10 April, 2019
The Business & Human Rights Resource Centre published the findings of its research into the increase in global gig economy litigation last month in its report titled "The Future of Work: Litigating Labour Relationships in the Gig Economy". The report stresses the need for a rights based approach to legislation and company employment models to provide certainty for both workers and businesses and ensure the future protection of human rights in the workplace.
The gig economy, although constituting a small fraction of the national and global workforce, is a rapidly expanding sector. The number of individuals participating in it and the profits it generates are increasing at a staggering rate. Growth estimates vary depending upon the specific definition of "gig economy" used by those conducting the investigation. However, a JP Chase Morgan study quoted in the Report estimates that in the European Union the number of freelance workers doubled between 2000 and 2014 making that sector the fastest growing group in the EU market.
Freelance working, zero-hours contracts, and on-demand working all provide a welcome degree of flexibility for individuals who struggle to accommodate the rigidity of full time work in their lives, and technological advancements make such working patterns almost inevitable. However, the downside is the lack of security of income and the potential lack of social protections and benefits for workers such as sick pay, holiday pay, pension rights, maternity pay, and minimum wage for example. There is the perception that the use of such models is exploited by companies to avoid the need to provide workers with the rights afforded to employees to maximise profits and pass the associated risk on to workers. The problem is compounded by the fact that this type of flexible working is disproportionately utilised by sections of society already at a heightened risk of human rights abuses such as women, migrants and refugees.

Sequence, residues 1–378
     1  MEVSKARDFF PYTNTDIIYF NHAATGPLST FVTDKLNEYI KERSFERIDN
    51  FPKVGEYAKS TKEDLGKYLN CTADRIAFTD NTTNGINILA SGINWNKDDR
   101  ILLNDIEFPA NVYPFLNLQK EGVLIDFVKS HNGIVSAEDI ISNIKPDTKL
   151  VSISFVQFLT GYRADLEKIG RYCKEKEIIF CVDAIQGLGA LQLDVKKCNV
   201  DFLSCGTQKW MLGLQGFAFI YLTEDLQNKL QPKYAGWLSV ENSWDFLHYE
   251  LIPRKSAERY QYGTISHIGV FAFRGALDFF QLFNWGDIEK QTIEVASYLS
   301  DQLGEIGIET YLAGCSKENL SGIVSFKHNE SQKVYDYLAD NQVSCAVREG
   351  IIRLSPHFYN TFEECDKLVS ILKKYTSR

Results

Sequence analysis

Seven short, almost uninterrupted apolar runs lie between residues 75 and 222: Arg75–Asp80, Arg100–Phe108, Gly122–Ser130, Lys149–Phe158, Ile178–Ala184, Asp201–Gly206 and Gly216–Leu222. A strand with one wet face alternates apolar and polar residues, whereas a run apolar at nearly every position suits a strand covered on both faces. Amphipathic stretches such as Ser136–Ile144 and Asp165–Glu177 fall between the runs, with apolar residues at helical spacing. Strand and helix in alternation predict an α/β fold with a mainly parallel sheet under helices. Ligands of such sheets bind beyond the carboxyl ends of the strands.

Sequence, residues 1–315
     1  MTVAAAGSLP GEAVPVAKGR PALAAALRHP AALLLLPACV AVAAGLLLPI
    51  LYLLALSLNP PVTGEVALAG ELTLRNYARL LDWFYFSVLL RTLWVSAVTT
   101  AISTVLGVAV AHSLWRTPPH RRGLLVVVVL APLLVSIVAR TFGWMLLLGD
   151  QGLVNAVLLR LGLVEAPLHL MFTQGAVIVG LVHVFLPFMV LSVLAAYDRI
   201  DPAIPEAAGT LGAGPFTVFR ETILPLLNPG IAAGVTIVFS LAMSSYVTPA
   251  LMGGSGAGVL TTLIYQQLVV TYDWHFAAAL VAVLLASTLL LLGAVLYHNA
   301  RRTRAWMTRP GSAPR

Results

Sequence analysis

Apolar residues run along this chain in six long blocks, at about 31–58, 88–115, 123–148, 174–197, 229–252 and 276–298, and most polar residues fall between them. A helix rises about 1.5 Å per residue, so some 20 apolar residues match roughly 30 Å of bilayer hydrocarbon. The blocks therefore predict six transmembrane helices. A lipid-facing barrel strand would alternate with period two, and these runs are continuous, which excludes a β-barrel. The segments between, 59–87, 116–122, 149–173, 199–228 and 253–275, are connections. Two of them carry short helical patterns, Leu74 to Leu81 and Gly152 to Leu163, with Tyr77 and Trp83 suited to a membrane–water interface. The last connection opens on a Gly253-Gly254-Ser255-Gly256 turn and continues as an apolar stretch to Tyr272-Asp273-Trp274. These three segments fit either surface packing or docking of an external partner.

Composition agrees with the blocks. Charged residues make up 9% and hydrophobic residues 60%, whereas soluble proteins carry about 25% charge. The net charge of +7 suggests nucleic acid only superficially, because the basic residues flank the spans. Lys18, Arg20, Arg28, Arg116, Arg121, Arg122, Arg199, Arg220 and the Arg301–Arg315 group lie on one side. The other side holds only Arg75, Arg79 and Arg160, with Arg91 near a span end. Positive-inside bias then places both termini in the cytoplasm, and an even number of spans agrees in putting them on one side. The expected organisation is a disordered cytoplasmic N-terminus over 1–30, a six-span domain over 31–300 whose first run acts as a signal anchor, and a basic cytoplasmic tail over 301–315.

Given the above concerns, it is no surprise that the exponential growth of the gig economy has been accompanied by a rise in litigation challenging worker status across the globe. The essence of the claims is that companies have misclassified workers as independent contractors when the reality of their working practices indicates that they are, in fact, employees. As a result, the individuals bringing the claims allege they have lost benefits and rights which, as employees, they are entitled to. The use of class actions is also increasing in order to heighten pressure on companies and reduce the associated legal costs for individual claimants.